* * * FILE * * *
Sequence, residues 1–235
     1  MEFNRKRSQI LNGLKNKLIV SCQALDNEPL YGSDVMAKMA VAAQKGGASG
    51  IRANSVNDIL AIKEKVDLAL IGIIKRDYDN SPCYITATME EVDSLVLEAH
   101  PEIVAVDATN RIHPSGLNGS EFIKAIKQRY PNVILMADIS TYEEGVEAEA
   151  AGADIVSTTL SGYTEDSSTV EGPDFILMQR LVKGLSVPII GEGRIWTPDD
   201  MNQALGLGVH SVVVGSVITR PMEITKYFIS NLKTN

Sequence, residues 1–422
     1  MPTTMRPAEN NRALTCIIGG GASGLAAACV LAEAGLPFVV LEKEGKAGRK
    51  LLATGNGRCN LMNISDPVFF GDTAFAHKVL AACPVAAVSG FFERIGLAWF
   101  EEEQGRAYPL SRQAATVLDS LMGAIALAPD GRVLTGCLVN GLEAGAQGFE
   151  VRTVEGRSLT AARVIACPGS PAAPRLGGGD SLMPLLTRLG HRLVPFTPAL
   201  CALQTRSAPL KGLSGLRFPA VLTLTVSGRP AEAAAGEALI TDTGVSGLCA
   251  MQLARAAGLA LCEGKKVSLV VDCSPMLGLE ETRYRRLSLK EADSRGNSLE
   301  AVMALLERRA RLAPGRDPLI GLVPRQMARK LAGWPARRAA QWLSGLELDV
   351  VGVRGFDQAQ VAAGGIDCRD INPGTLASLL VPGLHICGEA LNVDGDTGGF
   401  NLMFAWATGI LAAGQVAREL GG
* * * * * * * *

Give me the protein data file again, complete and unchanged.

Sequence, residues 1–235
     1  MEFNRKRSQI LNGLKNKLIV SCQALDNEPL YGSDVMAKMA VAAQKGGASG
    51  IRANSVNDIL AIKEKVDLAL IGIIKRDYDN SPCYITATME EVDSLVLEAH
   101  PEIVAVDATN RIHPSGLNGS EFIKAIKQRY PNVILMADIS TYEEGVEAEA
   151  AGADIVSTTL SGYTEDSSTV EGPDFILMQR LVKGLSVPII GEGRIWTPDD
   201  MNQALGLGVH SVVVGSVITR PMEITKYFIS NLKTN

Sequence, residues 1–422
     1  MPTTMRPAEN NRALTCIIGG GASGLAAACV LAEAGLPFVV LEKEGKAGRK
    51  LLATGNGRCN LMNISDPVFF GDTAFAHKVL AACPVAAVSG FFERIGLAWF
   101  EEEQGRAYPL SRQAATVLDS LMGAIALAPD GRVLTGCLVN GLEAGAQGFE
   151  VRTVEGRSLT AARVIACPGS PAAPRLGGGD SLMPLLTRLG HRLVPFTPAL
   201  CALQTRSAPL KGLSGLRFPA VLTLTVSGRP AEAAAGEALI TDTGVSGLCA
   251  MQLARAAGLA LCEGKKVSLV VDCSPMLGLE ETRYRRLSLK EADSRGNSLE
   301  AVMALLERRA RLAPGRDPLI GLVPRQMARK LAGWPARRAA QWLSGLELDV
   351  VGVRGFDQAQ VAAGGIDCRD INPGTLASLL VPGLHICGEA LNVDGDTGGF
   401  NLMFAWATGI LAAGQVAREL GG